Wednesday, July 12, 2017

These Are Days

After recently being told I'm an evangelical for the beach, I'm wearing the title as a badge of honor.

What I hadn't anticipated was how quickly my proselytizing would land me right back there, albeit it in a much different configuration, a more southerly location and under a thunder moon.

Windows were rolled down for the drive down which was broken up with a leisurely lunch on the waterfront at the Coinjock Marina. "You'd have to know about this place," my companion observed about the unlikely location. I did.

This time the beach setting was Surf Shack #6 in Nags Head at a cottage peopled by three other couples, an obscene amount of beer and wine and crowned by a crow's nest with impressive views to the horizon and the sound.

Where we were especially clever was in arriving mid-day Sunday when the other couples had checked in Saturday and done all the heavy lifting setting up the house and porches.

Since that job always falls to me on my own beach week, it was a treat to just show up, throw on a bathing suit and be, not just on the beach, but in the ocean less than 15 minutes after arrival.

That and being back at the beach only two weeks after I left it are the kind of summer indulgences an evangelist could get used to.

And while I'd optimistically brought two books, four couples mean it's an ongoing party and not the reading kind.

Headquarters would be established on the beach every morning like magic while we walked (either beyond Jennette's Pier or past the Outer Banks Pier), so we'd come back to find the rest of the group arranged under and around a canopy while all we had to do was add our chairs and beach bags and - voila! - another day at the beach was underway.

One morning, we got back from our walk - the last half an hour listening to rumbling thunder - just as a major storm was rolling in, so we high-tailed it up to the crow's nest for a lightening and thunder show of epic proportions.

One of the guys said there'd been a tornado warning while we were gone and given the odd swirling of some murderous looking clouds, we weren't surprised when torrential downpours followed. We made the best of it with books, naps and a picnic in bed with a view out the open window of the driving rain and the ocean beyond it.

One afternoon, we spotted a plane pulling a message that read, "Amanda May Pabst, will you marry me?" and bantered about whether it was a real proposal or just a brilliant idea put forth by the plane company to entice business.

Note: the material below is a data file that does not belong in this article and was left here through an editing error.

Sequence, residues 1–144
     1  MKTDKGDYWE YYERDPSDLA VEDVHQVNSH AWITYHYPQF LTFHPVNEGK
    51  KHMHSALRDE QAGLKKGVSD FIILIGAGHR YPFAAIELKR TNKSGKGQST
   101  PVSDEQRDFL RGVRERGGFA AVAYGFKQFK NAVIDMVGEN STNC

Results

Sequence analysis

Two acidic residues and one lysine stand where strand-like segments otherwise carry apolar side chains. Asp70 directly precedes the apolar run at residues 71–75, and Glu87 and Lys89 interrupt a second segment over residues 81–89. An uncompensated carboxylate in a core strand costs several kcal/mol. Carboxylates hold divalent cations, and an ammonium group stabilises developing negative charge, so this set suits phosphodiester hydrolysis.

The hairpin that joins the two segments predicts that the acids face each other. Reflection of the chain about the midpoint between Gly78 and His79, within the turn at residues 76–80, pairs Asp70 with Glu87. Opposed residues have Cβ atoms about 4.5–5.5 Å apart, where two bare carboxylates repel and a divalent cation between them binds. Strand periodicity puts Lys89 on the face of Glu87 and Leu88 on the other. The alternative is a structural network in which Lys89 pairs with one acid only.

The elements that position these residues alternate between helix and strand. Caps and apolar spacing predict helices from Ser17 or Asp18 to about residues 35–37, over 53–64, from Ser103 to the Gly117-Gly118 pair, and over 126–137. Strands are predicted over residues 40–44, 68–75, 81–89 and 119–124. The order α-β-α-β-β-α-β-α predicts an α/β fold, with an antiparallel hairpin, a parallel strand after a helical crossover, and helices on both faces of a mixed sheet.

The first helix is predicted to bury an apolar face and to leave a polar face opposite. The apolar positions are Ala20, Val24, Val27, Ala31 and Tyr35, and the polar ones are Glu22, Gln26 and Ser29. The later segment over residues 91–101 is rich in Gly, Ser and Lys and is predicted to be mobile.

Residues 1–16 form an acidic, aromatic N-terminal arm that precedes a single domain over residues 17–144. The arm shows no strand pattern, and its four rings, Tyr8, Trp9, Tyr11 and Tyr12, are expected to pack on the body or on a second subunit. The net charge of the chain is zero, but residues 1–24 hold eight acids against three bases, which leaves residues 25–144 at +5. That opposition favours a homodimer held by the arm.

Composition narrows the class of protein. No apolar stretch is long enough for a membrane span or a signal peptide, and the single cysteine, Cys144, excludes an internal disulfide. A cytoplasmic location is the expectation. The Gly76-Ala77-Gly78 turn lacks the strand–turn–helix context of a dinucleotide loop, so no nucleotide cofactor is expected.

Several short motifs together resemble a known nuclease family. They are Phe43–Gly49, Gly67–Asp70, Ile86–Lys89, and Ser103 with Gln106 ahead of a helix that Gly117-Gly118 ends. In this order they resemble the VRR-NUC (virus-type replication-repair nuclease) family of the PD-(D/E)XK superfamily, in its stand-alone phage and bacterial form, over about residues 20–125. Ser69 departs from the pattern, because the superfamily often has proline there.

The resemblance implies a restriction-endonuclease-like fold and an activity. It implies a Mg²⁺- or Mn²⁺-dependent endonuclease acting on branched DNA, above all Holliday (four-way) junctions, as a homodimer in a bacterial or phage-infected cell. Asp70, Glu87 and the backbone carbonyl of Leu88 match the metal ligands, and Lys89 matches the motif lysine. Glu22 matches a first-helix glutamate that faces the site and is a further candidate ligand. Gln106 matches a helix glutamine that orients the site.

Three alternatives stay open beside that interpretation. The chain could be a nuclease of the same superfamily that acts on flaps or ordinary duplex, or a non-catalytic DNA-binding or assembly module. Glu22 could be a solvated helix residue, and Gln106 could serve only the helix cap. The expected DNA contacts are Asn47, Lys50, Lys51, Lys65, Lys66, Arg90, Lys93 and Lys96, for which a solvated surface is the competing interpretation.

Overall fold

The romantic in me prefers to believe it was the first.

One evening we decided to lose the crowd and went to dinner alone at Ocean Boulevard for a gorgeously dry and zippy Rose of Sangiovese by Barnard Griffin which we sipped with a summer gazpacho piled with lump crabmeat, creme fraiche and parsley oil.

And that was before diving headfirst into a special of beer-battered monkfish over a jambalaya of summer corn, red peppers and crowder peas that was to die for and polishing off grilled shrimp over cheddar grits and black pepper coleslaw, too.

Afterward, we walked across the Beach Road and took seats in the sand to watch the waning Thunder Moon rise over the ocean, but only after making its way through bands of black clouds as elaborate as burnt velvet, behind which heat lightening put on a show.

As a bonus, fireworks were being set off in the direction of the Avalon Pier, so everywhere we looked, there was a spectacle to behold.

The two of us took lunch one day outside at the Nags Head Fishing Pier's new tiki bar, where we watched surfers, ate local grilled tuna and pondered the angry-looking guy nearby with the small American flag stuck in the sand in front of his beach chair.

Because some of the house's occupants were talented, there was guitar playing on the beach. Because the winds were ideal for it, there was kite flying so high it seemed likely we'd never get it back down. Because there was a screened porch, we had breakfast there. Because there was a crow's nest even higher,  we had happy hours and sunset-viewing there.

And because the ocean was a wonderfully warm 75 degrees (and clear as the Caribbean), we stayed in until our fingers and toes looked like prunes. Repeatedly.

Unlike the other couples, we were the renegades who slept in with windows open, a fan on and used the outdoor shower at the least provocation.

Because kicking it old school is just part of what I preach. Let's raise a glass of Rose and praise beach life.

Can I get an amen?

1 comment:

  1. Shout it loud!, Shout it Clear! Amen!!!